In the physician and prescriber program, the Plans use prescribing data analytics to identify health care providers who write a high number of opioid prescriptions compared with their peers. The Plans intervene with those providers, alerting them to the data showing how they compare with their peers on opioid prescribing. They also are given information about proper pain medication prescribing, based on the CDC’s guidelines.

The program began in September 2016, and eight months later there was an average reduction of 15 mg in the prescribed morphine equivalent daily dose (the standard use to measure opioid use) by providers contacted through the program.

One of the cases identified through the program was an Illinois physician prescribing an average of 299 mg per day of morphine equivalent dose. He wrote more than 3,000 opiate prescriptions within 12 months, amounting to 390,000 pills, says Phillip Yoo, a clinical pharmacist for the five Plans. The findings were reported to the Drug Enforcement Agency, which had received other complaints about that same physician, and eventually his license was placed on probation for two years, among other interventions.

The prescriber program is a companion to a member program. The insurer uses claims data to identify patients filling a high volume of opioid prescriptions or making frequent emergency department visits. Those patients’ cases are then presented to a committee made up of the insurer’s medical directors, behavioral health clinicians, pharmacy, case management and special investigations departments.

For certain people, just three or four pills is enough to put them into a pattern of prescription abuse.

Since the launch of the CSI member program in 2015, more than 150 such cases have been presented to the committee. Where appropriate, individualized interventions, including provider outreach and behavioral health support, have been provided. In addition, opioid prescriptions declined 13 percent from 2012 to 2016 across Blues Plans. The panel also identified 500 other member cases for monitoring. If the behavior continues, they could be candidates for intervention.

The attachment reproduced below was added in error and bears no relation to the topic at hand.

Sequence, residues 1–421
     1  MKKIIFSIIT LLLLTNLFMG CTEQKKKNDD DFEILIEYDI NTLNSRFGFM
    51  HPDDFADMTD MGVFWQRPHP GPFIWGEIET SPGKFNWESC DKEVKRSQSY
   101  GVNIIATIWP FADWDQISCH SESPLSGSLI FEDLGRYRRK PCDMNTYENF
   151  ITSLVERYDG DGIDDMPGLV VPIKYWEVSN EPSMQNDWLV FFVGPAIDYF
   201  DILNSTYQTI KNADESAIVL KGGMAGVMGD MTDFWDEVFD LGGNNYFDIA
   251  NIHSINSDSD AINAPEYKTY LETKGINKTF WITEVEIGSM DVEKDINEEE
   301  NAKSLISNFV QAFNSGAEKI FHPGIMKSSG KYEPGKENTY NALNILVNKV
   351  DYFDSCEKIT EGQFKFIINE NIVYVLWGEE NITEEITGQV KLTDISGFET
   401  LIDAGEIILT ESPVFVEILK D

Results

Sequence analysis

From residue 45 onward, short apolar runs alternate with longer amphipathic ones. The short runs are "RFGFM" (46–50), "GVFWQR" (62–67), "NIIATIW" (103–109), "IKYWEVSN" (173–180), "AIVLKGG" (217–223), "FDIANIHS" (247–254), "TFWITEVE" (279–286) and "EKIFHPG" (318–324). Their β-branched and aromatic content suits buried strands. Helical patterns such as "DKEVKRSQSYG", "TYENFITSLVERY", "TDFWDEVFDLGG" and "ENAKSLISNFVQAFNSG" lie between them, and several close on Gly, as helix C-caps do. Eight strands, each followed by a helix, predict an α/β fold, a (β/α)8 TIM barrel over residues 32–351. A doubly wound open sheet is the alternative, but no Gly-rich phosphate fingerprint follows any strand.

Fontana hopes these two programs — and others — will eventually include data from other sources in addition to the insurer’s own claims data so they can reach even more people who are at risk for or already addicted to opioids.

“If you take the lid off people’s lives on opioids, it’s a living hell. It is an absolute catastrophe for them,” he says. “They run through their money, their relatives’ money. We like to do things we can control, like monitor prescriptions, but some of what’s going to get them better is messy. We need to drive solutions that are boots-on-the-ground focused.”

Collaboration among competitors

Both Fontana and WVU’s Marsh stress the need for collaboration, as does a new report by the trade group America’s Health Insurance Plans. It released a benchmark study in February from its STOP Initiative (Safe, Transparent Opioid Prescribing). STOP was developed by a work group of more than 40 insurance providers to encourage prescribers to follow the CDC prescribing guidelines.

Looking at claims data from 2009 to 2013, AHIP assessed performance on six of the 12 CDC recommendations. That baseline analysis will be used to measure the ongoing progress of STOP, according to Kate Berry, AHIP’s senior vice president of clinical affairs.

The promising results were that the majority of opioid prescriptions for chronic pain were for immediate-release opioids, which the CDC recommends as they are less likely to cause an overdose. But the report did find a few measures to improve, including:

  • Approximately one quarter of opioid prescriptions are above the CDC-recommended dosage.
  • Only about 1 percent of patients underwent a urine drug test before being prescribed an opioid.
  • Nearly half of chronic pain patients also received benzodiazepine prescriptions during their opioid treatment. According to CDC guidelines, this can be unsafe for patients and should be avoided as much as possible.

While some providers may argue that their prescribing habits aren’t the business of health insurers, Berry disagrees. She says STOP is a way to help clinicians who may not realize they are out of the recommended norms.

“The way the plans are doing this is in collaboration with the clinicians. They are supporting the clinicians by providing this information,” Berry says. “But there is no question we need a culture change. This epidemic is so multifaceted — from reducing prescriptions to working with law enforcement — and there is no silver bullet. This is just one way we can work together to make a dent and turn the tide.”